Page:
Another question which has been posed on RAV4World is how much fuel is used when idling - and the Scangauge can answer that as well! To get a fully accurate scanguage requires a couple of fuel fillups to allow fine calibration, so I have not have it installed long enough for the info to be 100% spot on, but it will be pretty close ....

According to the scanguage, my warmed-up 2.0 VVT-i is idling at 700rpm and uses 0.77lph (Litres per Hour) (=0.17Gallons/Hr).

So at £1.14 a litre, if you leave your car idling for 15 minutes waiting for the Mrs to change her coat/shoes/etc, she's just cost you 22p

HorsePower

My RAV is the RAV4.2 2.0 VVT-i which is meant to be 150BHP. Setup the Scanguage to read the HP generated and you can see the figures going up as the revs go up.

Sticking my foot down and accelerating hard (fortunately I have lots of quiet roads to play with here :D ), the HP reading peaked at 160.

I am not that mechanically minded to be sure what that really means, but if it equates to the true BHP of the engine, then it is pretty accurate and means the engine is still nice and good (which at 31,000 miles I would hope so!). Would the figure be a bit higher then the official spec have anything to do with the TTE Sports Exhaust? The car has seemed a little more 'eager' since that was fitted :) Or is it just engineering tolerances and the official power quoted is conservative?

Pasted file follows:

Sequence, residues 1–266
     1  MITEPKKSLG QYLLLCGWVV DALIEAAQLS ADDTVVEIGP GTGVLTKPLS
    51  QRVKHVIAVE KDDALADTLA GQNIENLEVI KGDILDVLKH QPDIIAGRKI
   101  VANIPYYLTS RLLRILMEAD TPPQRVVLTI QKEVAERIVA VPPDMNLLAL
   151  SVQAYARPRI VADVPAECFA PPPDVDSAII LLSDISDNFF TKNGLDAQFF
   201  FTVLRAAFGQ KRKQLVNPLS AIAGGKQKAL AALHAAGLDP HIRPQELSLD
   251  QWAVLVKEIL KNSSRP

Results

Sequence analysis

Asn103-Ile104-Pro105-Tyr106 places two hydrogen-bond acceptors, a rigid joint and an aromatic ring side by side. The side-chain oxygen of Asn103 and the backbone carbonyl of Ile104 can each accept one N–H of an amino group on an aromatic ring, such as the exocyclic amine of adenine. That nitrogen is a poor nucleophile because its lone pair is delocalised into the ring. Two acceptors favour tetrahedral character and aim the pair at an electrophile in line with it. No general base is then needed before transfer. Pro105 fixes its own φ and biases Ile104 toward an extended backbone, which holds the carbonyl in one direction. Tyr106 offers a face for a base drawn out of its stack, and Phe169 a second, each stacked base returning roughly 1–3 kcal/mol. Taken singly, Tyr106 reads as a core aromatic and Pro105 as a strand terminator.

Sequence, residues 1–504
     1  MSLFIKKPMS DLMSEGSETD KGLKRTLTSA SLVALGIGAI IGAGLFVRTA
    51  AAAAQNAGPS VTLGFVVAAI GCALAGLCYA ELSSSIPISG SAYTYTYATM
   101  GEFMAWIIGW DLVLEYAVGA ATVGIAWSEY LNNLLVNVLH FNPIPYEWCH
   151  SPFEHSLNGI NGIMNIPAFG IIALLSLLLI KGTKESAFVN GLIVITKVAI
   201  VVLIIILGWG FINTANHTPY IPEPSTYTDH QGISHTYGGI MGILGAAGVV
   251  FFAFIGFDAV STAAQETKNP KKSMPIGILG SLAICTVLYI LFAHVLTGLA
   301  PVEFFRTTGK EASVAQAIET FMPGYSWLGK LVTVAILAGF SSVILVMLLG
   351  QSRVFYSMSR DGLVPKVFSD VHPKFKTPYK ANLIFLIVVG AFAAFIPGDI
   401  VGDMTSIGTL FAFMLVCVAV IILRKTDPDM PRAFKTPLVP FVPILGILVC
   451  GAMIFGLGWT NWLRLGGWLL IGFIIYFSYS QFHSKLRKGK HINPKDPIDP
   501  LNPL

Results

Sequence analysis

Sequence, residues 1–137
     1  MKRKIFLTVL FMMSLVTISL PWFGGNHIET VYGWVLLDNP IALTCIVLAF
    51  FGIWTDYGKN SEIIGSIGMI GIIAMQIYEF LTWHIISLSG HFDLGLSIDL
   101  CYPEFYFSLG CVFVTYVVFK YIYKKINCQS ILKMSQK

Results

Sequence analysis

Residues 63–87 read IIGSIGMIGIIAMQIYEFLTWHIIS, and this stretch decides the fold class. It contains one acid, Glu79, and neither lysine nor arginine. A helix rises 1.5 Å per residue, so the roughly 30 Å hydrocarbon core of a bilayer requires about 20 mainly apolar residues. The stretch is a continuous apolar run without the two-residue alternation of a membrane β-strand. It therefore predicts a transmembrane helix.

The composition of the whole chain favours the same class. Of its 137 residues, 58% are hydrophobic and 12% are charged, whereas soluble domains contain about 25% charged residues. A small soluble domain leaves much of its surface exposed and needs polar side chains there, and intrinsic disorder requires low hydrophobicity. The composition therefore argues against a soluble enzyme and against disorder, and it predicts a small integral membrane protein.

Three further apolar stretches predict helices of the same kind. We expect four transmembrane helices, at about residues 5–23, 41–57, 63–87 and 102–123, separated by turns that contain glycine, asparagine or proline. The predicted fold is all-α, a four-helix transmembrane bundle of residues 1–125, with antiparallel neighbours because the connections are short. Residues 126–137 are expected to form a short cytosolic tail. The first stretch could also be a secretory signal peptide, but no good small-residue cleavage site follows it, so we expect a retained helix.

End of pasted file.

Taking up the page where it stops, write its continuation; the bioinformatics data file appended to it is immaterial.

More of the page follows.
And I also got from the gauge that my drive out to play around with it cost me £8.93 in fuel, so at the moment it is not a money saver, but a money burner :D

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Good stuff Hoovie.... Puts a few questions to bed...

Would be good to see one working on a 4.2 model D4D and also the newer 4.3 mode; 2.2 Diesel....

Just to compare things.....Unfortunatly mine does not have the OBDII port and will not accept it (being a 2002 model) :censor: :censor: as only the Mr T ones will read it....

So what we need to know Hoovie, is when is the wife getting the new Kitchen and full wardrobe of clothes....... :yes: :yes: :yes:

I had too do a lot of washing up and hoovering to counter ballance me getting the Mountain Bike :rolleyes: :rolleyes:

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Put it this way, Chatman ....

R4SBADLTWSWID5DC!!!

'nuf said?